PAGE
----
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Zelda: Breath of the Wild review - still worth playing?

We look at The Legend of Zelda: Breath of the Wild after the release of Tears of the Kingdom and ask ourselves whether the Switch game still holds up in 2023.

The Legend of Zelda: Breath of the Wild review image showing Link on the Master Cycle.

Our Verdict

Though Tears of the Kingdom may be a better game, they offering distinctively unique experiences, and Breath of the Wild mustn't be forgotten, as it remains a tremendous open-world adventure that will forever be a turning point for the Zelda series.

You’re probably wondering why I’m writing The Legend of Zelda: Breath of the Wild review in 2023 when Tears of the Kingdom has only just come out and everybody is loudly singing its praises. I think this is the perfect time to talk about its prequel. There will no doubt be a lot of gamers for whom TotK is their first Zelda game, and I’m sure a lot of people will be wondering whether or not they should be playing Breath of the Wild too.

As to the question of whether BotW is still worth playing on the Nintendo Switch, I’m not going to make you get to the bottom of the article to find out; it’s a yes. But as a Zelda fan, I am biased. I think the original Game Boy version of Link’s Awakening is still worth playing, in spite of the Switch remake. I think both versions of Ocarina of Time and Majora’s Mask are still worth playing. I even think the Zelda Game & Watch is still worth playing, so of course I think a unique, comprehensive experience like BotW is worth playing.

Obviously, everyone likes games for different reasons, so I’m going to break it down and go over every aspect of the game, weighing up what it does well, and also giving a point of comparison to TotK, where appropriate.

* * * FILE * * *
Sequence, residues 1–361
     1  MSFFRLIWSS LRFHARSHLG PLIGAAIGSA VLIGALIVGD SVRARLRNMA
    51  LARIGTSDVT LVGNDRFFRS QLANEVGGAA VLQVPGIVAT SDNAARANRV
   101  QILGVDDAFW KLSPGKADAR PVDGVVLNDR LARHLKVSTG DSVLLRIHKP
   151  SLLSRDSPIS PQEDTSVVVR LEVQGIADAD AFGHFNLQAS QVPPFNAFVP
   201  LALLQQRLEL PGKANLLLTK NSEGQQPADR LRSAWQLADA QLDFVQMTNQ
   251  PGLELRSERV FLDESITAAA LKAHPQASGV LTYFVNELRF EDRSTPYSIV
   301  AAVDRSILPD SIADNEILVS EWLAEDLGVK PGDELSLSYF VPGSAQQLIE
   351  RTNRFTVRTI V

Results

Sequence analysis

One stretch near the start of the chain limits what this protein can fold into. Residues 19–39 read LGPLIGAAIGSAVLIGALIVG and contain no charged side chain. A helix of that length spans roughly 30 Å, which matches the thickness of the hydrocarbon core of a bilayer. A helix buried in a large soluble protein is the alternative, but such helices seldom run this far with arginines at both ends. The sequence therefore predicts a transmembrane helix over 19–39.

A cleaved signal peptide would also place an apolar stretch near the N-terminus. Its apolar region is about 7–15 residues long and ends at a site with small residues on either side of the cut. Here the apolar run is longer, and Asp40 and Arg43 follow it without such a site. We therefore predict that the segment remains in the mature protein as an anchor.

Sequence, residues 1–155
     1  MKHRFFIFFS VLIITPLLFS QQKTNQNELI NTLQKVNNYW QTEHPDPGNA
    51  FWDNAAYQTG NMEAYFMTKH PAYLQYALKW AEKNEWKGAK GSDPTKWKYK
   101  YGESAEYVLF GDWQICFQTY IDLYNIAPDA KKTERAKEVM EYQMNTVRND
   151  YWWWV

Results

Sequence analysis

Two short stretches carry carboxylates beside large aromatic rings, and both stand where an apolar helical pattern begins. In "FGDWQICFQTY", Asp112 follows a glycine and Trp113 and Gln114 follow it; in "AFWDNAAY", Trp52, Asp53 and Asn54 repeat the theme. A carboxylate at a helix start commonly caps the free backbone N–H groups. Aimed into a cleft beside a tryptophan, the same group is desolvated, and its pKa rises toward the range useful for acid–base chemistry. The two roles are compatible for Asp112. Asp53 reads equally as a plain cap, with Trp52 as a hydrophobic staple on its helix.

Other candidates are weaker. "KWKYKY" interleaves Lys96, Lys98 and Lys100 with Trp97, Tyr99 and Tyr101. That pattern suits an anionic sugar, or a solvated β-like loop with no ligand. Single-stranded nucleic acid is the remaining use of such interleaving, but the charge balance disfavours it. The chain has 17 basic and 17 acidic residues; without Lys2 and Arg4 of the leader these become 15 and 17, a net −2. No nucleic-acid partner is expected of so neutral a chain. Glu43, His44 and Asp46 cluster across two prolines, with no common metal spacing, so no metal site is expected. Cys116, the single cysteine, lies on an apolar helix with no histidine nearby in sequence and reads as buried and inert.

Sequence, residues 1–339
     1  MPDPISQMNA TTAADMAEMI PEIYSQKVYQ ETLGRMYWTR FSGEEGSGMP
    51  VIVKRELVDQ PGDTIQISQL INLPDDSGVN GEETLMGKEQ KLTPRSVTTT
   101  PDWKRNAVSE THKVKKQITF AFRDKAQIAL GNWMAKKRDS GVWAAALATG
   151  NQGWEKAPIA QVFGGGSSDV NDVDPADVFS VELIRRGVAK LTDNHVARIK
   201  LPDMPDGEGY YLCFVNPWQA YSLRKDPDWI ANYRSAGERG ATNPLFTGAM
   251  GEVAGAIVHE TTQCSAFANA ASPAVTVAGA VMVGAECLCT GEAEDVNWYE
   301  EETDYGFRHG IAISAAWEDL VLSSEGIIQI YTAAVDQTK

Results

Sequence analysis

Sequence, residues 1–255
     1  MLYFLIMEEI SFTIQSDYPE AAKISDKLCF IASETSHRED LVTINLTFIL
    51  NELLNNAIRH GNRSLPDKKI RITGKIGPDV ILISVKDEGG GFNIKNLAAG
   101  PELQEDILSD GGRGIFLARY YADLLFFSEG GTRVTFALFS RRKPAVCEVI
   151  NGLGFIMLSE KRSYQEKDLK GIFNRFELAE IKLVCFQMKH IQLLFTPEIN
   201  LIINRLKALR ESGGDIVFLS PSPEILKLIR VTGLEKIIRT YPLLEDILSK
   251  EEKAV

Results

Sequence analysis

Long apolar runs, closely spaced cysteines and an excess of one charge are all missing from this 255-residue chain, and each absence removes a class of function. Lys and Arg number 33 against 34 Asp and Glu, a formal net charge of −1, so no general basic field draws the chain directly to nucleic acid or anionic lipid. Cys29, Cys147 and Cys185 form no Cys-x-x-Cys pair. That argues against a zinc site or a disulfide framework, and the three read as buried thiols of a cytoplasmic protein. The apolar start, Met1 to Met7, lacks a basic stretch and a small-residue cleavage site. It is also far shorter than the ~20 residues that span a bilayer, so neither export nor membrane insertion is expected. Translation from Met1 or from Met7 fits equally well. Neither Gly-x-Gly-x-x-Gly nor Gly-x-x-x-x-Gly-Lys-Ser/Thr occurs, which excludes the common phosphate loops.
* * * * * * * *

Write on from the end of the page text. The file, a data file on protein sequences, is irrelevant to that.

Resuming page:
There’s no denying that the multi-pronged timeline that connects all the older Zelda games is a little confusing (and no doubt, off-putting for some), so it was kind of cool for Breath of the Wild to just be set an enormous length of time afterward. You didn’t need to know anything about what happened in the earlier games, but there were still plenty of little references and Easter Eggs for longtime fans to look out for.

In this one, Link wakes up from a one hundred years’ sleep and finds Hyrule in ruins, with Ganon (now a shapeless, mindless evil) having control of Hyrule Castle (and Zelda trapped within). After a brief tutorial, you can do whatever you want, whether that’s testing your abilities and heading straight to Ganon, or hunting for shrines to gain more health and stamina, or just exploring, chatting to NPCs, picking up side-quests, and looking for secrets.

When it came out, it felt quite epic, for it to be this really distant part of the timeline, coming after Ganon had lost all of his intelligence, Link and Zelda had already failed to stop him once, and Hyrule had been left in ruins. Though it’s not this final, distant point that it once was, the set-up is really cool, and the freedom to face the final boss whenever you want is unique, with Tears of the Kingdom presenting Link with a more nuanced quest.

While it can fairly be said that the BotW story is rather simple, if you take the time to discover all of the BotW memory locations, you can unlock several cutscenes which give the game a rather compelling backstory. There’s plenty of it for you to find if you so desire.

The Legend of Zelda: Breath of the Wild review image showing Link gliding in his classic tunic and Majora's Mask.


Most readers will probably already know that Breath of the Wild and Tears of the Kingdom use the same map, though TotK expands it with sky islands to explore high in the sky, and other areas that we won’t spoil in case you don’t know about them yet. Knowing this, you might think that the BotW doesn’t have much to offer map-wise, that you can’t get from TotK.